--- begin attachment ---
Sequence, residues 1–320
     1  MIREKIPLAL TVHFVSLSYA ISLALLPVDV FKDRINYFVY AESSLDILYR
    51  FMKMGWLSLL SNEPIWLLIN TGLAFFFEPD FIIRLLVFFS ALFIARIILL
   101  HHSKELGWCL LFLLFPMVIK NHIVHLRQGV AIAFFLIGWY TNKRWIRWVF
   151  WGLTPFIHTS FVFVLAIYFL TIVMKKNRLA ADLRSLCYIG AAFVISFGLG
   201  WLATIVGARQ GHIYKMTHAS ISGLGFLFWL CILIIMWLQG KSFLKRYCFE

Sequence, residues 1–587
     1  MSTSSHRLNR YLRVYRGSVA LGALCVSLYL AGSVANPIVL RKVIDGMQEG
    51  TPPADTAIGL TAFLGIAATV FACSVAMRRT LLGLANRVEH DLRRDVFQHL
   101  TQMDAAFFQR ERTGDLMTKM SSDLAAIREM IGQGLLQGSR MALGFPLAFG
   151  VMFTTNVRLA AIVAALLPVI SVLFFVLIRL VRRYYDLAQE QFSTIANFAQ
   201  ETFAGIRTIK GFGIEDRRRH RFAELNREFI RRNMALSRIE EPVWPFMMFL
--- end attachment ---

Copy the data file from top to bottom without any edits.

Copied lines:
Sequence, residues 1–320
     1  MIREKIPLAL TVHFVSLSYA ISLALLPVDV FKDRINYFVY AESSLDILYR
    51  FMKMGWLSLL SNEPIWLLIN TGLAFFFEPD FIIRLLVFFS ALFIARIILL
   101  HHSKELGWCL LFLLFPMVIK NHIVHLRQGV AIAFFLIGWY TNKRWIRWVF
   151  WGLTPFIHTS FVFVLAIYFL TIVMKKNRLA ADLRSLCYIG AAFVISFGLG
   201  WLATIVGARQ GHIYKMTHAS ISGLGFLFWL CILIIMWLQG KSFLKRYCFE

Sequence, residues 1–587
     1  MSTSSHRLNR YLRVYRGSVA LGALCVSLYL AGSVANPIVL RKVIDGMQEG
    51  TPPADTAIGL TAFLGIAATV FACSVAMRRT LLGLANRVEH DLRRDVFQHL
   101  TQMDAAFFQR ERTGDLMTKM SSDLAAIREM IGQGLLQGSR MALGFPLAFG
   151  VMFTTNVRLA AIVAALLPVI SVLFFVLIRL VRRYYDLAQE QFSTIANFAQ
   201  ETFAGIRTIK GFGIEDRRRH RFAELNREFI RRNMALSRIE EPVWPFMMFL